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    Articles | Mental Health

    Brain Health: Use it or lose it

    By Tim Stevenson

    We’ve talked a lot recently about the concept of a physical pension and the fact that how you choose to move now will directly impact how you are able to move during the latter years of your life.

    This conversation is not just about muscles and bones though. It is vitally important that we consider your brain as well because the entire human body is governed by one simple principle.

    Use it or lose it.

    In the context of your brain health, if you stop using that miraculous supercomputer in your head, it will gradually deteriorate.

    A story about a beautiful brain

    Whilst working as a scuba diving instructor in Australia I was asked to spend some time teaching a gentleman named Sam.

    Sam had been gifted a series of diving lessons by his family for his 80th birthday. The previous year they had bought him a skydiving experience.

    Sam was full of life. At his first lesson, he told me he didn’t need to borrow a wetsuit because he had his own. I naively smirked to myself thinking, ‘oh this will be good’, expecting him to trot out of the changing room wearing something offensively bright and fashioned in the 1970’s.

    I was wrong. Sam emerged a few minutes later looking like a complete don in a sleek, all-black Rip Curl wetsuit. For the next 2 hours Sam charged into his lesson with the enthusiasm of someone half his age. Yes, he was partially deaf and couldn’t hear my instructions and the regulator (breathing device) kept on falling out of his mouth because you can’t scuba dive in false teeth, but we had a lot of fun together.

    Getting Sam booked in for his next lesson was tricky because he had some shipments arriving from south-east Asia which he needed to deal with for his business.

    Sam was 80 years old but sharp as a tack. It was obvious that his lust for life was keeping his brain very much alive.

    The Power of Plasticity

    The secret to living this type of life, for the rest of our life is that we must never stop challenging our brains and harnessing the gift of neuroplasticity. We have the opportunity every day to change our brains. Over the last 10 years, the emergence of scientific evidence combined with the stories of those who have experienced it has been profound.

    Movement has found itself taking a lead role as a growing body of research shows exercise to be a potent stimulus to improve the brains’ infrastructure by developing and enhancing the neural wiring at a cellular level. A major player in this process is a group of proteins known as ‘factors’ and one, in particular, is especially potent; brain-derived neurotrophic factor (BDNF).

    When researchers put BDNF on a petri-dish containing neurons they promptly grow new branches. BDNF then is like a neural fertiliser and exercise generates plentiful quantities. Research studies have found it post-training in the hippocampus, an area of the brain associated with learning, memories and emotion.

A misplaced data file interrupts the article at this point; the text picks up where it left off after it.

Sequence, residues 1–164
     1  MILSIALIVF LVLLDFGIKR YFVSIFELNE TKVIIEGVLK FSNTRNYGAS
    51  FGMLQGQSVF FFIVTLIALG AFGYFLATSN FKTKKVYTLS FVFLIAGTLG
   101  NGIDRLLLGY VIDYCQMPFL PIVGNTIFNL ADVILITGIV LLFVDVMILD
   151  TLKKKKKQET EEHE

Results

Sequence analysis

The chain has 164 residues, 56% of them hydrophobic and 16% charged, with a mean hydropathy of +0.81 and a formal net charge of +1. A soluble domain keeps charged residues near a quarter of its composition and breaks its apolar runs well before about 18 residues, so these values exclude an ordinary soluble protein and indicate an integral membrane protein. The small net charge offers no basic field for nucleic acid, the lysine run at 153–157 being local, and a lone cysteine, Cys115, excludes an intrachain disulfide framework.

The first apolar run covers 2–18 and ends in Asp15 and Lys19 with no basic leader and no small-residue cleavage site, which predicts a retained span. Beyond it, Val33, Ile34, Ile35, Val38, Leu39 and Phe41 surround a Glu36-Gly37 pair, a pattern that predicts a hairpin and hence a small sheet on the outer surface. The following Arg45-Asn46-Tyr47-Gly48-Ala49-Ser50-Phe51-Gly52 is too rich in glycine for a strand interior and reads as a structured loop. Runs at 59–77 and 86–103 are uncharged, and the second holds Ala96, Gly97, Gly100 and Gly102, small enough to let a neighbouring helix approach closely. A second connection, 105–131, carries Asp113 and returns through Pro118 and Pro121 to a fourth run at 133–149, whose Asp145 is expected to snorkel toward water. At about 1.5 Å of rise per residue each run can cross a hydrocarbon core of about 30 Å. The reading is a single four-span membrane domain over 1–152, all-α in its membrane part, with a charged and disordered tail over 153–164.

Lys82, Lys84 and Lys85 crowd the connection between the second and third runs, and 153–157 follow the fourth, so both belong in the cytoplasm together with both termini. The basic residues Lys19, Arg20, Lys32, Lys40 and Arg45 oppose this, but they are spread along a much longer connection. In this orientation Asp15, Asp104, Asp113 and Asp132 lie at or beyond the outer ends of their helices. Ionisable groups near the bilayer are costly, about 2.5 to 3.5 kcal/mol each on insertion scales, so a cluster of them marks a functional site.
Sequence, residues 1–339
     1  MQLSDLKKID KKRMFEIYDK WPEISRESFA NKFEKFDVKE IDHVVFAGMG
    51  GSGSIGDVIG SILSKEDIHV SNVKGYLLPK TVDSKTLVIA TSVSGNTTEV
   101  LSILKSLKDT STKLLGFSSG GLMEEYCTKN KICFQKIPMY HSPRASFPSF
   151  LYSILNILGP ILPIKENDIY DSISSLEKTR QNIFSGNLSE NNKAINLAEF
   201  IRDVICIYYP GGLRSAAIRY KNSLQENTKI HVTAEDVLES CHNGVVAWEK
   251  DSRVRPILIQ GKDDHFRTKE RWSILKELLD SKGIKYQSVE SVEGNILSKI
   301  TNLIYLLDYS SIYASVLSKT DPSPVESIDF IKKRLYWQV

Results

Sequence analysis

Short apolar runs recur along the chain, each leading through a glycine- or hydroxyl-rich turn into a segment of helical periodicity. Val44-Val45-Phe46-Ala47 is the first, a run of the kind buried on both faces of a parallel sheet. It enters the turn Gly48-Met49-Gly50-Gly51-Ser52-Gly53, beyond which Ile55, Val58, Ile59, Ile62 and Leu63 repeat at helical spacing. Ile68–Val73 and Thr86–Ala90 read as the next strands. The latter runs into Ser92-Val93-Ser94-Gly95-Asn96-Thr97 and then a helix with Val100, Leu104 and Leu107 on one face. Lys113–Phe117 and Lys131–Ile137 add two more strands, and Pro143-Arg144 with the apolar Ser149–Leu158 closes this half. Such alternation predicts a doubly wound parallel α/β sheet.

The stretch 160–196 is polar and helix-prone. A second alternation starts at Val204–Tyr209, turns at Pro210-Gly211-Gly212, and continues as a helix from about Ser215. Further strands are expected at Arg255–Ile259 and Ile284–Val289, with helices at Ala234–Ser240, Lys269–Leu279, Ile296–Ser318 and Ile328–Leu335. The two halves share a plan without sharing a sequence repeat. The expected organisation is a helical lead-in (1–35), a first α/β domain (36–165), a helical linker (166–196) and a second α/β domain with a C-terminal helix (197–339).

In conditions such as dementia and Alzheimer’s we find dying and damaged brain cells. We know however that it is possible for neurons to grow, divide and propagate through a process known as neurogenesis. This is the foundation of neuroplasticity. Scientists have shown that exercise stimulates neurogenesis and BDNF production. In this perfect partnership, we have the creation of new neurons and the fertilizer to help them proliferate.

    But there is one condition. Exercise must include complex, novel tasks that require co-ordination and skill acquisition. The stimulus must prompt the need to learn and therefore it cannot be achieved through something we already have mastery of.

    Due to the challenges of experimenting on the brains of humans, neuroscientist William Greenough set up an experiment that compared running rats with a group that was set tasks on balance beams and unstable objects. After 2 weeks the rats faced with complex motor skill challenges showed a 35% increase in BDNF compared to the control group that just ran. That is a big difference in brain fertilizer.

    Never stop learning

    Neuroplasticity is not hard to come by, it simply requires intentional effort and an open mind.

    Find something that excites you that can’t do and learn how.

    It doesn’t matter how good you are going to be at it. That is largely irrelevant if you are having fun (something else your brain absolutely loves!).

    If you want to get started with some hand balancing, why not try these Frogstand progressions.

    Don’t do it alone

    The process of learning something new can be intimidating and scary and this is often a big barrier for people getting started. What if I can’t do it? What if I fail? What if I look silly?

    These concerns can all be negated by working with a coach who is on your side. They will also be diminished by surrounding yourself with a community of like-minded people.

    Calisthenics offers a rich opportunity based on progressive and continual opportunities to learn to move in new ways. The never-ending skill acquisition process will stimulate new neural circuitry to stave off degenerative mental illness in addition to stimulating aerobic training intensity.

    If you would like some help getting started or have been training for some time but want to progress and continue to learn new higher-level skills then drop us an email: reception@schoolofcalisthenics.com

    I’ll sign off with this last thought: Be more like Sam.

     

    Tim